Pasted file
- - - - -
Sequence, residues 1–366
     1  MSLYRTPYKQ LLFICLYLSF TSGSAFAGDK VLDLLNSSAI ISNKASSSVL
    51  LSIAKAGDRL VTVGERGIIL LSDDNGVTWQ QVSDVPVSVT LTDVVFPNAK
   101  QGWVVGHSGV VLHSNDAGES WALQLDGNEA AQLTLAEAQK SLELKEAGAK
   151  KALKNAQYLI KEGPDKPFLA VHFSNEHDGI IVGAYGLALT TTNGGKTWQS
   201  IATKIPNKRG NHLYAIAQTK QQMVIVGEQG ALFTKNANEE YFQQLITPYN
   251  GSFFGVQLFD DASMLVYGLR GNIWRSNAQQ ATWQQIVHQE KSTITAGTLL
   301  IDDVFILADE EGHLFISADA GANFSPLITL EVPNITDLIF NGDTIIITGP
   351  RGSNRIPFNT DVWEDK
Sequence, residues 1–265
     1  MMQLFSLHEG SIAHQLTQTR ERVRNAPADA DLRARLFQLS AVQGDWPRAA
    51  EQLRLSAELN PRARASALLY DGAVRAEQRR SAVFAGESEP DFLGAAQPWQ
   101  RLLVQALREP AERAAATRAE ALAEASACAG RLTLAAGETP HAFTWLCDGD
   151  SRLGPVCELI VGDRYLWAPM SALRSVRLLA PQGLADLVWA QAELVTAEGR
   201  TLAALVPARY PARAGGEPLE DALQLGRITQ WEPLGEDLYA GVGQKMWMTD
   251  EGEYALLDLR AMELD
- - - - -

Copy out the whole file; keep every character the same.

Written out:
Sequence, residues 1–366
     1  MSLYRTPYKQ LLFICLYLSF TSGSAFAGDK VLDLLNSSAI ISNKASSSVL
    51  LSIAKAGDRL VTVGERGIIL LSDDNGVTWQ QVSDVPVSVT LTDVVFPNAK
   101  QGWVVGHSGV VLHSNDAGES WALQLDGNEA AQLTLAEAQK SLELKEAGAK
   151  KALKNAQYLI KEGPDKPFLA VHFSNEHDGI IVGAYGLALT TTNGGKTWQS
   201  IATKIPNKRG NHLYAIAQTK QQMVIVGEQG ALFTKNANEE YFQQLITPYN
   251  GSFFGVQLFD DASMLVYGLR GNIWRSNAQQ ATWQQIVHQE KSTITAGTLL
   301  IDDVFILADE EGHLFISADA GANFSPLITL EVPNITDLIF NGDTIIITGP
   351  RGSNRIPFNT DVWEDK
Sequence, residues 1–265
     1  MMQLFSLHEG SIAHQLTQTR ERVRNAPADA DLRARLFQLS AVQGDWPRAA
    51  EQLRLSAELN PRARASALLY DGAVRAEQRR SAVFAGESEP DFLGAAQPWQ
   101  RLLVQALREP AERAAATRAE ALAEASACAG RLTLAAGETP HAFTWLCDGD
   151  SRLGPVCELI VGDRYLWAPM SALRSVRLLA PQGLADLVWA QAELVTAEGR
   201  TLAALVPARY PARAGGEPLE DALQLGRITQ WEPLGEDLYA GVGQKMWMTD
   251  EGEYALLDLR AMELD